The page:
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Discovery


Exploring the unexplored

Aleppo

Having previously posted my memories of Palmyra, which has since been destroyed, I wish to do the same for Aleppo, a city I knew it all its glory, which is unfortunately succumbing to the same fate, progressively crumbling and collapsing before our eyes under the weight of civil war and bombs. The Souk of Aleppo…

France

In 1948 we left Spain, crossing the Bidassoa bridge on foot while dragging our luggage to catch the train to Paris. There were still, on certain streets, slabs of wood that had been installed at the turn of the century to damped the sounds of the large wheels of the horse drawn carriages. I remember…

Spain

In 1944, my grandmother, our host, informed us that she no longer had enough money to support us. In reality, the war had interrupted all international financial transfers. We now had to find another refuge. Everyone left in different directions. My mother took me to Malaga, in Spain. Franco was ruling. After his victory over…

A Greek Prince in Morocco

My parents were living in Rome when I was born in January of 1939. In January of the following year my father died, and my mother decided to move to Greece, owing to the wishes of my father that I be raised Greek. But she received word from Greece that the situation was much too…

Mystras

During the Middle Ages, the Crusaders, while on their way to liberate Jerusalem, repeatedly stopped and conquered small parts of the Byzantine Empire, establishing principalities and naming rulers. Consequently, many French, Spanish, and Italian colonies were to be found scattered throughout Greece, the legacy of which is seen today through the number of Catholics in certain areas. They built fortified…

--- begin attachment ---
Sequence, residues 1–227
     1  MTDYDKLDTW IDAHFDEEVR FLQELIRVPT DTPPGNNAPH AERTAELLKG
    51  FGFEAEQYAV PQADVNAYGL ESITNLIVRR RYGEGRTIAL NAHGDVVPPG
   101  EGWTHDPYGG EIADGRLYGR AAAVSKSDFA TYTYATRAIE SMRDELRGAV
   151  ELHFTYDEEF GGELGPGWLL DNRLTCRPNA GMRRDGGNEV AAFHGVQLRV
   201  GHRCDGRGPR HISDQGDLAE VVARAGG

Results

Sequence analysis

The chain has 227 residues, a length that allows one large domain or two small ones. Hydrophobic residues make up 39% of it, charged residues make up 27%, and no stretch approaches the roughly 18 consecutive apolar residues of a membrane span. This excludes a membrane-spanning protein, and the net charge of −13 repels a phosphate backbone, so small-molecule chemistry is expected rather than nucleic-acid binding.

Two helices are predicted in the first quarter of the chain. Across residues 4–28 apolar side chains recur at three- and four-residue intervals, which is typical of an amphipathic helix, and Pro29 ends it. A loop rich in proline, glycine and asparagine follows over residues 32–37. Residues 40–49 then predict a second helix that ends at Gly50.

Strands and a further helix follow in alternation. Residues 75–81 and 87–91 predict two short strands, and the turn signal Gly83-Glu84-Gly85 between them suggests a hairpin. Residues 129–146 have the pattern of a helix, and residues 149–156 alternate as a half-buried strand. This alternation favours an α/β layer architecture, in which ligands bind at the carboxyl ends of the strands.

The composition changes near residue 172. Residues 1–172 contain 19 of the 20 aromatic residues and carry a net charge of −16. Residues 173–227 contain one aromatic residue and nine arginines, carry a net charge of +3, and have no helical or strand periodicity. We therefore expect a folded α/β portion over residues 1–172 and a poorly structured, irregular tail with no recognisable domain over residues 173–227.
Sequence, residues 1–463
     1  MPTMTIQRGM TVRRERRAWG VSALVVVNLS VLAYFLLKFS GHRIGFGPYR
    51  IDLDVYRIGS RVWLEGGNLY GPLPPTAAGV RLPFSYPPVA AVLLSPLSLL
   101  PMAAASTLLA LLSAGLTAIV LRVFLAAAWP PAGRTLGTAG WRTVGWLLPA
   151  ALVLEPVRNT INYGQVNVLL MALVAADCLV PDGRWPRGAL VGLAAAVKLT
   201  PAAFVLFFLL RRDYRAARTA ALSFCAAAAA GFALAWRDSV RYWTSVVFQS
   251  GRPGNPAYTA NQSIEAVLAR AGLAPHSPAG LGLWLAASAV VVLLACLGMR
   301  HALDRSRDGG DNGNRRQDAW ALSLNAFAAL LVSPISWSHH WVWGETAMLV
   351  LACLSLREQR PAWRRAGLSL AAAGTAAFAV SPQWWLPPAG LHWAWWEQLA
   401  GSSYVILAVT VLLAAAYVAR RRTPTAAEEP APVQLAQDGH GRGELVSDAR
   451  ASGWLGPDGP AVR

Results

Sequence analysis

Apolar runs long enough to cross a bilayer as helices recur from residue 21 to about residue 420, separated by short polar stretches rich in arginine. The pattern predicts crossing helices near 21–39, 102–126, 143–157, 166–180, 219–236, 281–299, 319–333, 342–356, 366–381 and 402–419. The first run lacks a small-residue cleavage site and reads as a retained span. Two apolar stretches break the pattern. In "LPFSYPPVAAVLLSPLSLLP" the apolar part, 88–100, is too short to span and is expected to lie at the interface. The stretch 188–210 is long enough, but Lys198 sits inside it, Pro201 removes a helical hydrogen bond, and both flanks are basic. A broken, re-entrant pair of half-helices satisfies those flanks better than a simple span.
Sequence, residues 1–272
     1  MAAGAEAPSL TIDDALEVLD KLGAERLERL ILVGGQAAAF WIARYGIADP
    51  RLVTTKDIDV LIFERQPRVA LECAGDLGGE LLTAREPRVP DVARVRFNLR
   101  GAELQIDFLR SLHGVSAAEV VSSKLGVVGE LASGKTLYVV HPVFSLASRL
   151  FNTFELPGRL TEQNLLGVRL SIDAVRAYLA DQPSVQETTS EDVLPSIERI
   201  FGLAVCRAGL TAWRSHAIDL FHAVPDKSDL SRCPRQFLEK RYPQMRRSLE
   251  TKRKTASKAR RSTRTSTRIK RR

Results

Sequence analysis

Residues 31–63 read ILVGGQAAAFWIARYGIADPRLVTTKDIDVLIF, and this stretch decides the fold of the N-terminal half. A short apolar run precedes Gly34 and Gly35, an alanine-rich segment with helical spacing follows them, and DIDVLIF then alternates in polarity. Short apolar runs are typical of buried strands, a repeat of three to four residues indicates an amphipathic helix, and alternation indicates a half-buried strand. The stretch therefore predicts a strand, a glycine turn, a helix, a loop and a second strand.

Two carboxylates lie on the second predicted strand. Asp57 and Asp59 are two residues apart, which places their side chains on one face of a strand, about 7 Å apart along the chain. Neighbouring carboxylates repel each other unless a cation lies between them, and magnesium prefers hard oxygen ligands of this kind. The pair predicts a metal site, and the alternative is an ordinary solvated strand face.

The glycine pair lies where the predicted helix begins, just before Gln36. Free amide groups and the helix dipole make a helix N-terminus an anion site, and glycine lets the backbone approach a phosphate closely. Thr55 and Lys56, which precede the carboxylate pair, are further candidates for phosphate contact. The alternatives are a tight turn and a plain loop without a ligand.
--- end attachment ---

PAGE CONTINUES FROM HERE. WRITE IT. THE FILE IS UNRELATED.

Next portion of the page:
Naples

Naples is my favorite city in Europe. She is home to countless treasures, many of which lie beyond the knowledge of guides and are known only to the city’s inhabitants. It is easy to lose yourself among the immense palaces, towering monasteries, and marble churches overflowing with gold. Every time I visit, I find something…

Akbar

India is the mother of all. For millennia, the Indians were vanguards of metaphysics, philosophy, and mysticism. Their epic poetry guided the mind of man to new heights. India has inspired all of Asia and influenced western antiquity, the extent to which we have yet to fully grasp. India is polytheistic at its core, yet Islam…

The Caste War of Yucatán

While traveling throughout the Yucatán I stopped at the former colonial city of Valladolid. Upon entering the cathedral I was shocked by its magnificence. “How beautiful,” I said aloud to myself. “Yes, but this church is punished,” said a voice. Punished? How strange. I had never heard this word used to describe a church before. Why punished? I…

Urfa

Abraham, contrary to what was commonly held until recently, did not come from the village of Ur in Mesopotamia, but rather the town of Urfa in southern Turkey. The confusion, as one might have guessed, was likely a consequence of phonetic confusion. Long ago, Abraham, the father of monotheism, had lashed out against Nimrod, the…

Zoe Porphyrogenita

My favorite empress is Zoe Porphyrogenita, from the Greek meaning “born into the purple,” signifying the child was born to the reigning emperor, for the prince or princess would see the purplish porphyry columns within the ornate palace. She was the daughter of Emperor Constantine IX, the perfect embodiment of frivolity and indifference during his long reign….